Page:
A mass killing in the central Honduran city of Comayagua, which authorities believe was probably drug-related, left at least six people dead on Jan. 9.

The victims, all men, were gunned down in the early morning hours inside a house located in the suburbs of the city of 60,000, Leonel Sauceda, a spokesman for the country's Security Secretariat, told the Spanish news agency EFE. Police discovered liquor bottles and six bullet casings at the scene of the crime, Sauceda added.

Authorities probe narcotics links

Investigators believe that the year's first mass killing is likely linked to narcotics trafficking. Sauceda told Agence France-Presse that a relative of one of the victims had been jailed three years ago for selling drugs. Local police official José Luis Flores added his forces had carried out an anti-drug operation at the same house just 10 days earlier.

The victims have been identified as José Ernesto Ramos, brothers Nelson Vegas and Santos Cecilio Reyes, Orlando Josué Orellana, Marvin Josué Montoya, and Rigoberto Hernández. Hilda Euceda, the mother of Vegas and Cecilio, is currently serving time at the women's prison near the Honduran capital of Tegucigalpa on drug charges, Sauceda said.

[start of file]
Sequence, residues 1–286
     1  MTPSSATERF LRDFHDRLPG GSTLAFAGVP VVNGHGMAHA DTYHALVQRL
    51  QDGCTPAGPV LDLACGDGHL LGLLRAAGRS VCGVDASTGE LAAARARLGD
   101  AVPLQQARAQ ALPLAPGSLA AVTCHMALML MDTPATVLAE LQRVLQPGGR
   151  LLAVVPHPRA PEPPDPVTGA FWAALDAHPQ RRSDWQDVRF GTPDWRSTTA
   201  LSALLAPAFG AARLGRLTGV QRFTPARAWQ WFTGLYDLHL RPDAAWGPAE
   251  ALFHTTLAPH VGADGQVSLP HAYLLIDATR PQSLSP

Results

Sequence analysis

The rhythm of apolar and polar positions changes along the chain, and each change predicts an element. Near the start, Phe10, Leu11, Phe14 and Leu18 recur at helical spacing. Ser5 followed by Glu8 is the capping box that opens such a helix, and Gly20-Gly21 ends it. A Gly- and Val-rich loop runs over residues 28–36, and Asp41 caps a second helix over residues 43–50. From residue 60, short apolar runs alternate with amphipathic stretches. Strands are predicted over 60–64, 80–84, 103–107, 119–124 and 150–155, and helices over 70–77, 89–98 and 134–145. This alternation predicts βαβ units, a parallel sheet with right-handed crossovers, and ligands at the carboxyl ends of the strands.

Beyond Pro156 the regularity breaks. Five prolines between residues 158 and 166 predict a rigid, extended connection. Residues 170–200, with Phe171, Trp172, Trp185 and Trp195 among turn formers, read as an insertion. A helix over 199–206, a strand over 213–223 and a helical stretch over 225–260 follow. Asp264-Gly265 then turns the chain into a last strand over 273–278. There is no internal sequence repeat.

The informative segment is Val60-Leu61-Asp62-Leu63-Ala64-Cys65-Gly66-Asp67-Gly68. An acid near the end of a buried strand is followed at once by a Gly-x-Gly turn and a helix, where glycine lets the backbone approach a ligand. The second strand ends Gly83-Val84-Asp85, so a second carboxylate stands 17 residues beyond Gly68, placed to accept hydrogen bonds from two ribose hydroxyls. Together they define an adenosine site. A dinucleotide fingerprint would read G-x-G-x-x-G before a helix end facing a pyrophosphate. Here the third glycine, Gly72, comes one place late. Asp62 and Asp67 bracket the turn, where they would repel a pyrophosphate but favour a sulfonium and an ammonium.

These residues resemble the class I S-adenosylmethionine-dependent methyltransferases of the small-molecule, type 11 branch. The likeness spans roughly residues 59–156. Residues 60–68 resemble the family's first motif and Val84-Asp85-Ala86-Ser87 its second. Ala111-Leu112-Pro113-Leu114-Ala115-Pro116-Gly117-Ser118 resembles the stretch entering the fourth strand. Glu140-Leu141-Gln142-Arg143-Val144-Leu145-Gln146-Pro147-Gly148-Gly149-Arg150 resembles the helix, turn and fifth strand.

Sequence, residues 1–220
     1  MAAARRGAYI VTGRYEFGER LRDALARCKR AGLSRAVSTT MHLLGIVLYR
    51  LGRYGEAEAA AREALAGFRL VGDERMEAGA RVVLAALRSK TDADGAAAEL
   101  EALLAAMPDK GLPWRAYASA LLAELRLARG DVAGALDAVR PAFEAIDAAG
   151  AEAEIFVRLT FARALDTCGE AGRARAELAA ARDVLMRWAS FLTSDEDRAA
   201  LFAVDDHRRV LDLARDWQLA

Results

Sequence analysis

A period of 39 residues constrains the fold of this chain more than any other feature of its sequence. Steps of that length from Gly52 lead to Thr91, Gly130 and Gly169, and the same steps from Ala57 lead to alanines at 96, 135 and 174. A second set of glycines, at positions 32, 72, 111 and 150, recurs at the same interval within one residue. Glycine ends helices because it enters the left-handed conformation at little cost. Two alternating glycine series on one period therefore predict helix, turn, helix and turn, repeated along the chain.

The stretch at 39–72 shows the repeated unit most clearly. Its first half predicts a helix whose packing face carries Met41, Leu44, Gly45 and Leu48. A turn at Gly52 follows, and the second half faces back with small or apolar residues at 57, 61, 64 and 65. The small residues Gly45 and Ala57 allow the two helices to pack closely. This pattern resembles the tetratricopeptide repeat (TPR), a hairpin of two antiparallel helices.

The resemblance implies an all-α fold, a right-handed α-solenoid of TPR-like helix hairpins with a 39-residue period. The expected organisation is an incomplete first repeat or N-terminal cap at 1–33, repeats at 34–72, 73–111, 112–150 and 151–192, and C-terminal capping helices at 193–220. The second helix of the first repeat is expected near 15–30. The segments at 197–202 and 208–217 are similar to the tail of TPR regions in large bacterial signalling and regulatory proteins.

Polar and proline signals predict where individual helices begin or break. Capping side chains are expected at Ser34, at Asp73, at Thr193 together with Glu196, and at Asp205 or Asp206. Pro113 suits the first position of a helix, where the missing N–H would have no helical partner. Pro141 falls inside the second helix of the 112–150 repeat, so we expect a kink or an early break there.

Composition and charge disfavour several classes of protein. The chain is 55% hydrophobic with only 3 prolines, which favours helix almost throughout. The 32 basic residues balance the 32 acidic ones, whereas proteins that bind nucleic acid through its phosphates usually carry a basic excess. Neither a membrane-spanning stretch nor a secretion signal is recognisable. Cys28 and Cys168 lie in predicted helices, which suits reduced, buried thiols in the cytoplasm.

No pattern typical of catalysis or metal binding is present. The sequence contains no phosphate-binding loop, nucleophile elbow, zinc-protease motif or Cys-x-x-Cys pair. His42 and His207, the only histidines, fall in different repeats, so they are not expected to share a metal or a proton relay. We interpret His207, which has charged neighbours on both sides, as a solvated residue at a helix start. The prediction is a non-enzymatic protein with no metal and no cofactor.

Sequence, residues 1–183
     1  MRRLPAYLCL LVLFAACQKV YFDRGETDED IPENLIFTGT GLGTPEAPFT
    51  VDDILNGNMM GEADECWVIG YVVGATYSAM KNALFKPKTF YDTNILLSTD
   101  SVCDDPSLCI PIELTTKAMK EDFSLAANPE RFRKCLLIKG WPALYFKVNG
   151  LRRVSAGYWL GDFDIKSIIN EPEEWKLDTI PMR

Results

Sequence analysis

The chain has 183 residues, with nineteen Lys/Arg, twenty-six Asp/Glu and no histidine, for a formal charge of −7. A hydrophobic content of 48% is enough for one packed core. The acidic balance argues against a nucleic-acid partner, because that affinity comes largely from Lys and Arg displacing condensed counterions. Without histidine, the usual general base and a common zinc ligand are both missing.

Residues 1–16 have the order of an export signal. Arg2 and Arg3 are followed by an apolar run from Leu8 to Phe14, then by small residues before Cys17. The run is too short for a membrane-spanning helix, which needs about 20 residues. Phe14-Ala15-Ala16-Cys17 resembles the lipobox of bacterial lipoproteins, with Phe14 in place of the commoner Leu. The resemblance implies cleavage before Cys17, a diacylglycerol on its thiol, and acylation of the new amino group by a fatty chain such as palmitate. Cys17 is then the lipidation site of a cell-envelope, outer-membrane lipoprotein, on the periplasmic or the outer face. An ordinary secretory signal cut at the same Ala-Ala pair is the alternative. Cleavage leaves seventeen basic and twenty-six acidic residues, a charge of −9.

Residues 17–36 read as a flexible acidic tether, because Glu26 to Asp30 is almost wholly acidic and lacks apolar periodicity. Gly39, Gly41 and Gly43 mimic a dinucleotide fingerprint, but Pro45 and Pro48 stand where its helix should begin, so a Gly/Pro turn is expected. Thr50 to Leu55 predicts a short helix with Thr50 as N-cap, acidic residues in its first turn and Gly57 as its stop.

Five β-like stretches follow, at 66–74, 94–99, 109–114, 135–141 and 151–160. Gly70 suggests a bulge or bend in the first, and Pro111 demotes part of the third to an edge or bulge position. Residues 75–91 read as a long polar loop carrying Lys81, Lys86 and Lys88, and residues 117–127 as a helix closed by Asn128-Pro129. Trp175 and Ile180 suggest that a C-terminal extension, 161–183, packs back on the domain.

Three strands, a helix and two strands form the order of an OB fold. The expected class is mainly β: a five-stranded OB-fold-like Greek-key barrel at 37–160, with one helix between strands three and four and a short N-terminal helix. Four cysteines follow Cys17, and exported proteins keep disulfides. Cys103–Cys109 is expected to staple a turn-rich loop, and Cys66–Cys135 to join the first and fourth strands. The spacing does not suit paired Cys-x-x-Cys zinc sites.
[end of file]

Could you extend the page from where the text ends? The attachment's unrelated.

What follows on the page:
Vegas, Reyes and the other three victims ranged in age from 19 to 24, while Ramos was 42 years old at the time of his death, Sauceda noted.

Massacres as an everyday occurrence

Mass killings are remarkably common in Honduras, and 96 killings of three or more people were reported in the Central American country in 2015, AFP recalled based on figures from the Violence Observatory at Honduras' respected National Autonomous University.

The numbers mean that last year, more than 60 homicides occurred in the nation for every 100,000 inhabitants, which makes for one of the highest murder rates in the world. Local officials told EFE that there are an average of 14 homicide victims per day, largely due to the activities and influence of drug traffickers and other organized crime groups.